If you want your printed documents to look good, you have to work at it a little bit.
I grew up in rural Wisconsin. The bus ride to my school took an hour, and if I had already done my homework, I would spend that ride gazing out the window. I knew every little hill, every corner and turn of the road. I could anticipate every bump and even knew the best places to watch for deer walking in their favorite cornfield.
A few years ago, I made a trip back there and decided to take a drive on those old roads…and promptly got lost.
Nothing looked the same. Those hills seemed much higher, and those corners were now all decisions I had to make. The little bumps seemed to have evened out, so each road felt the same. And that cornfield was now a golf course with new houses and roads all intertwined. Most of all, I was shocked at how tall the trees had grown, hiding those neighborhoods I used to know so well.
I was reminded of this trip recently when a customer called because their overlay was no longer printing the way it should. Ten years earlier, they had bought Infoprint Designer and made a back overlay—a sheet of terms and conditions to appear on the back side of each shipping invoice. Now when it printed, the image often looked scrambled. And sometimes it didn't print at all and threw error messages and exceptions instead. Also, the company had not created an overlay since that first one and was unsure how to create a new one.
To be honest, I didn't ever fix the problem he reported, because the method by which he had created the overlay was totally outdated. Originally, he scanned a copy of a sheet of terms and conditions, imported it into Infoprint Designer, and created an overlay from that. It worked fine for a long time. .
Unfortunately, when trying to fix something that used to work, we often run into two issues: (1) there may be a better way to do it or (2) what you're printing may have changed. He had both problems.
Create Overlays and Page Segments from Windows Applications
The primary purpose of Infoprint Designer is to create page definitions and form definitions that reposition the text of spooled files when printed. It can create overlays and page segments that fit the text, but if you're looking to create a simple overlay with a company logo or header, or even a complex back overlay of terms and conditions, you're likely better off using a program you're more familiar with, like a word processor.
Overlays and page segments can be printed from any Windows application by using the AFP driver, available from Ricoh (download here). In 2010, IBM finalized the sale of the Infoprint Solutions subsidiary to Ricoh, which included responsibility for development of the AFP driver. Instructions for downloading and installing the AFP driver are provided here, but those topics are not covered in this article. Once the driver has been installed and configured, you're ready to start.
Begin with Quality
The most common issue that customers have with AFP objects is that they don't start with high-quality input, so their output suffers. For example, most images that you'd find on a company website would not be intended for print output. Instead, if you have an art department, seek to get high-quality images from them or recreate your own. Many users transitioning from preprinted forms to overlays will scan their form and create an overlay from that, but even if you scan it at a high resolution, it will contain artifacts and other imperfections and will not look professional. In other words, a scan of a logo is not a logo. A scan of a line is not a line. And it will show when you print. So begin with quality, and you will end with quality.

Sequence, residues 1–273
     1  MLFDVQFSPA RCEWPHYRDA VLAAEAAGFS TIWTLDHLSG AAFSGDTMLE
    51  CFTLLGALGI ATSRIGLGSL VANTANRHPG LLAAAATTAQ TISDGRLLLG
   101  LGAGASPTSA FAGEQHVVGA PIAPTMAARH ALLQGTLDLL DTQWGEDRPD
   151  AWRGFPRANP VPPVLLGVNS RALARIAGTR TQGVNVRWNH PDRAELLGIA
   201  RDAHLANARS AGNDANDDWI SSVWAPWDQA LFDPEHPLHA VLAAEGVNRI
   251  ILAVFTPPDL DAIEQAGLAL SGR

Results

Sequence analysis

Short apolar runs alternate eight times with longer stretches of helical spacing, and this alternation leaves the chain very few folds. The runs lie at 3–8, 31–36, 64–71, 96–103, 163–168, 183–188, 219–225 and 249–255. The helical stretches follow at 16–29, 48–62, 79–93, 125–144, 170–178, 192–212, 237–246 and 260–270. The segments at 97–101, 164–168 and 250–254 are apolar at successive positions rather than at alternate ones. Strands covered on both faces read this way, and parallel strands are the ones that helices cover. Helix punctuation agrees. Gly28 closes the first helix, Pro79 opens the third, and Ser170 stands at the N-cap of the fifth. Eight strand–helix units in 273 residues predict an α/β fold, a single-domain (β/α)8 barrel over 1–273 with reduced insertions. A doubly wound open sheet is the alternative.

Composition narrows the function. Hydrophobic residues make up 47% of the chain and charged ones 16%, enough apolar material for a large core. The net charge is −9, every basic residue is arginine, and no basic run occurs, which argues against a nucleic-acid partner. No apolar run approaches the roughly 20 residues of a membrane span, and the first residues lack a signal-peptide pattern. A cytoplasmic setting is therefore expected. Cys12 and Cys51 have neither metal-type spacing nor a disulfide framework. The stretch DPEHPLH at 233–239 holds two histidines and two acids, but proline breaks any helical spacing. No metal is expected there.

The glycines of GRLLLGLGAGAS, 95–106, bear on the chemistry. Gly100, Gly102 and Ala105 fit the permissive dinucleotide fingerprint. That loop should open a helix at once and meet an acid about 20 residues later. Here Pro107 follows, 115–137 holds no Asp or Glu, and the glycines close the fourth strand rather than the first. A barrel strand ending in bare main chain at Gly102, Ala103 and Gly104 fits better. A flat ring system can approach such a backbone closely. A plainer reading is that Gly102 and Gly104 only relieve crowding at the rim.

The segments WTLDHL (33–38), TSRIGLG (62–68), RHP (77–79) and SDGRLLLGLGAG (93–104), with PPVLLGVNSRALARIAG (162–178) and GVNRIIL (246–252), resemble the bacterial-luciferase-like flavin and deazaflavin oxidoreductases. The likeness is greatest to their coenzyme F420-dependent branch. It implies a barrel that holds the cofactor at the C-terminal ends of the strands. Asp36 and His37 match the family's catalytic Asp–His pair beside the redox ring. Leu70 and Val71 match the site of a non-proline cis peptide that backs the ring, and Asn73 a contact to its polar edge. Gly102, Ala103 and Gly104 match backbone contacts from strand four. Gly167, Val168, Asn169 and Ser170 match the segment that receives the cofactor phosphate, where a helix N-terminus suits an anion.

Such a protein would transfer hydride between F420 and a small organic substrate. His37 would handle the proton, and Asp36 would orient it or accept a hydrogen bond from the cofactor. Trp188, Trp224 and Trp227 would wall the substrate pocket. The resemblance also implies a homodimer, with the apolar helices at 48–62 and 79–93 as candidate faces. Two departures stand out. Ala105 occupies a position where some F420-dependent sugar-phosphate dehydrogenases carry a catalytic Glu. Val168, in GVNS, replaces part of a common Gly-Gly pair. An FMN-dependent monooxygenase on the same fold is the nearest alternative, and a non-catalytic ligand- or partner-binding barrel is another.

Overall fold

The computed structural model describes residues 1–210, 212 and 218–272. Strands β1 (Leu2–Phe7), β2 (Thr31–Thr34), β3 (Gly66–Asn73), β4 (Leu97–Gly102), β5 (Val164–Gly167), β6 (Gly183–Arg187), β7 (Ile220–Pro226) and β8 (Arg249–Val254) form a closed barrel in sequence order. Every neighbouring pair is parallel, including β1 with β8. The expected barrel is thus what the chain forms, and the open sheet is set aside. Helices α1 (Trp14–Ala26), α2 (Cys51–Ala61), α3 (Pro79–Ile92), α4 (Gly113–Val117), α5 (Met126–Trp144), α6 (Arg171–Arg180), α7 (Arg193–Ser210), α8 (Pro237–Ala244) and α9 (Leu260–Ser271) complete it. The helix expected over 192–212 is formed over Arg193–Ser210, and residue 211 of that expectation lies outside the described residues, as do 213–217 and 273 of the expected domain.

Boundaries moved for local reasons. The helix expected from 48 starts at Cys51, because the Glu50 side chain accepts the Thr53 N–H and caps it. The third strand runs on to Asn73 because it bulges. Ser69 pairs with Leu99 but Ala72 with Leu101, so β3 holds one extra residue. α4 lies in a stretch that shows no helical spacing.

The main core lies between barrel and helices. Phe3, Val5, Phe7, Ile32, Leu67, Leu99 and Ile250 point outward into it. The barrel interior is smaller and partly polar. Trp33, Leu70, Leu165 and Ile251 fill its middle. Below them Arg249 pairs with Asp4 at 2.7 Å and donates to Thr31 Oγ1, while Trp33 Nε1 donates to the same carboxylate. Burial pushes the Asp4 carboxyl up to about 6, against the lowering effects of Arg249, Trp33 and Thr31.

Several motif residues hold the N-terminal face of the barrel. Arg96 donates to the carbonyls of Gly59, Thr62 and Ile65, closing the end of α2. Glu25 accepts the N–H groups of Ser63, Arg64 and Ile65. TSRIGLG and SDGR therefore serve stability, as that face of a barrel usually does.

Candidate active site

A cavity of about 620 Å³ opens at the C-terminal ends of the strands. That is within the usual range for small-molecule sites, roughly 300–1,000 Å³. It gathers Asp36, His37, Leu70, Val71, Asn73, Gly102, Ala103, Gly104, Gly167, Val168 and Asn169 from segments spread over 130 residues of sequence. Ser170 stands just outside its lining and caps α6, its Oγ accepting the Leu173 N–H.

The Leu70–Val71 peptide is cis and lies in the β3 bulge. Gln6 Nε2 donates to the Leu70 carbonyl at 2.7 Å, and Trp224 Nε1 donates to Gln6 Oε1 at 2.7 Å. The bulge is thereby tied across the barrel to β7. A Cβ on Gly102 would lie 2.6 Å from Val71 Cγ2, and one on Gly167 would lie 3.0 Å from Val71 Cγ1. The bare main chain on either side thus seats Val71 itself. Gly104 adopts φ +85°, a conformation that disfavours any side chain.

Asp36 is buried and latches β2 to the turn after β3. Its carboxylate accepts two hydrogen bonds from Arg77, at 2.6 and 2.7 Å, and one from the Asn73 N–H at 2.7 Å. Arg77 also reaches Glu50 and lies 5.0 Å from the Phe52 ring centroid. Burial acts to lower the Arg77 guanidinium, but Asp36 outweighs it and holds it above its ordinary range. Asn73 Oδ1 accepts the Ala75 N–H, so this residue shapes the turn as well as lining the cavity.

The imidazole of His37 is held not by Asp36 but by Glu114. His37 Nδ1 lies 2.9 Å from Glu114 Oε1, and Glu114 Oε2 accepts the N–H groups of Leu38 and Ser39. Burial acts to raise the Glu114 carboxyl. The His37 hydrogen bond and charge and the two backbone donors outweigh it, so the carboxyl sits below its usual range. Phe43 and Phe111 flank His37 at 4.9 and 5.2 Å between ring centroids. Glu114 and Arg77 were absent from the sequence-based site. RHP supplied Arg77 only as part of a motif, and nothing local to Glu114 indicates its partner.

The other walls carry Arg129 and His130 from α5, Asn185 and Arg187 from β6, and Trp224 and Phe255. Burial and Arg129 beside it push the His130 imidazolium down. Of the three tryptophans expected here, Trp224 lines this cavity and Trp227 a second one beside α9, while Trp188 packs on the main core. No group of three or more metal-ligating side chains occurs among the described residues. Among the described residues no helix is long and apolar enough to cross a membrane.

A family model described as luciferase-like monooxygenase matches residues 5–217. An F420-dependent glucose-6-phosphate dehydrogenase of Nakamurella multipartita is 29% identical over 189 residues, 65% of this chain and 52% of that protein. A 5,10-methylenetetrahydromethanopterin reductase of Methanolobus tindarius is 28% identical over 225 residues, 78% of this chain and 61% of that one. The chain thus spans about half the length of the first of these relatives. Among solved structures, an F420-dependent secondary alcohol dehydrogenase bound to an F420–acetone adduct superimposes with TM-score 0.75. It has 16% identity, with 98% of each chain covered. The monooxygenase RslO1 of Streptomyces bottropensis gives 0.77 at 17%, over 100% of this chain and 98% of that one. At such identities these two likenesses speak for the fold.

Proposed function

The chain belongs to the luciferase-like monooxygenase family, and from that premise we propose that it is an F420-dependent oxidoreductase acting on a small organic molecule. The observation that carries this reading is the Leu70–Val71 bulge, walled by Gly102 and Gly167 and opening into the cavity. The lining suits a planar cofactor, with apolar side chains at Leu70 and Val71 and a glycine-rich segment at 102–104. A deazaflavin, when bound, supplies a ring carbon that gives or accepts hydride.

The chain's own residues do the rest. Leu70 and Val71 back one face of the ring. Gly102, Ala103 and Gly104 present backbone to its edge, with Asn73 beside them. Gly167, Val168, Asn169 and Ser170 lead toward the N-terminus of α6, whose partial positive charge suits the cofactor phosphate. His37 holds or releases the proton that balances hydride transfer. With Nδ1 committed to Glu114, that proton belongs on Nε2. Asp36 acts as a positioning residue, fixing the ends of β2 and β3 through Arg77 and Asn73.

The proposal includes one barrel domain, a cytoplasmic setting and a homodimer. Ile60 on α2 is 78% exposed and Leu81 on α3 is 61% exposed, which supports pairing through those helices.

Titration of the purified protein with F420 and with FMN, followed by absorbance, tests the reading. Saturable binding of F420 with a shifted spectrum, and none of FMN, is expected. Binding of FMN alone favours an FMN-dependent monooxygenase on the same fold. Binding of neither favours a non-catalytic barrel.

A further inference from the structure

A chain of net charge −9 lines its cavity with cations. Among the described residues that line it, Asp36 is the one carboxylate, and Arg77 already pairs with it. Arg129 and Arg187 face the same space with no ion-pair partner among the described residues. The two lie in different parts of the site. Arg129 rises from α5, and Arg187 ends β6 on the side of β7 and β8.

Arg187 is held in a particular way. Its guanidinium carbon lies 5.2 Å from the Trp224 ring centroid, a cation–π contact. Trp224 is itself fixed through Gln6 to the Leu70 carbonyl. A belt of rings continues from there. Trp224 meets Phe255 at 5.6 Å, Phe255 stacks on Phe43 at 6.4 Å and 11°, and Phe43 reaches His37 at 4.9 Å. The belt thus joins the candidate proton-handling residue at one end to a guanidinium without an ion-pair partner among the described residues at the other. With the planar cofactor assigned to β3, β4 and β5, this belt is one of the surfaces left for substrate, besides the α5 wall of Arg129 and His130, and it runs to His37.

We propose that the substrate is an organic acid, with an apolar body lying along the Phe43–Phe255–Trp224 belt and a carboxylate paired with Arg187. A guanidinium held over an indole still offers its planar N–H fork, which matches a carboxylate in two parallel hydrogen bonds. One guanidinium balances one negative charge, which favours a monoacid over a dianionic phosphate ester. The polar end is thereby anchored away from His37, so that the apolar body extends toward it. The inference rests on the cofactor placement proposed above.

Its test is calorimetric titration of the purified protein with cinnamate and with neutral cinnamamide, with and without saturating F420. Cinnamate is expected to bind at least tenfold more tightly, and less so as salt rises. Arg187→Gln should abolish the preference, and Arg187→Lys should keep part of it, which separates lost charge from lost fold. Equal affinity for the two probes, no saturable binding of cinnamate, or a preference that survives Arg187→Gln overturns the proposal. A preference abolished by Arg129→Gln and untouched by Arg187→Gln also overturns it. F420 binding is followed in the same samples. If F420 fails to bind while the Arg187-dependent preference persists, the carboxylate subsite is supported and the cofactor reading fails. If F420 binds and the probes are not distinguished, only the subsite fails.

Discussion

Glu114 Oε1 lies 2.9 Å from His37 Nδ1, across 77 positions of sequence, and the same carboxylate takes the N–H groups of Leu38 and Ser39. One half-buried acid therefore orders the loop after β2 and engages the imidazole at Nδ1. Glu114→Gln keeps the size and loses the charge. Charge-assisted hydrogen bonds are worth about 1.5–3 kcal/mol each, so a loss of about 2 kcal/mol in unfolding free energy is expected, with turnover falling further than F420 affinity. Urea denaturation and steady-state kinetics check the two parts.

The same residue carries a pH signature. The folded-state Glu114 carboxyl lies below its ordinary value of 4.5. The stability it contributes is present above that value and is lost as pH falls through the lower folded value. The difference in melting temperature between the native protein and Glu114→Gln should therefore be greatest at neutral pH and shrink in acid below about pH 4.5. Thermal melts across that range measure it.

Here are some quick tips on how to get the highest quality output you can.
Create Overlays from Your PDF Viewer
If you're creating an overlay that is a duplicate of a tax form or something similar that comes in PDF format, you can print directly from a PDF viewer to the AFP driver. Don't print a PDF, scan it, and then create an overlay from the scan.
Clean Up Your Graphics
If you need to print a company logo or other graphics and don't have access to a high-quality version, you can scan it and clean it up in a graphics program like Photoshop or Inkscape to turn it in a vector graphic. This will allow you to scale it to the right size and export it at a resolution to match the AFP driver. The YouTube video "Creating High-Quality Signature Page Segments" demonstrates how to do this with a signature.
If your company uses specific typefaces but you're not sure what they are, you can submit example images of text to a web service called WhatTheFont to identify them. Years ago, a user contacted me about creating his company logo as a page segment, but he had no access to the original. The only version he had was the small one that appeared on the company's web page, which was very small and pixelated. We submitted the logo to WhatTheFont, found the typeface used, and recreated the logo. Now he has a beautiful overlay and a perfect version of his company logo.
Black and White =/= Grayscale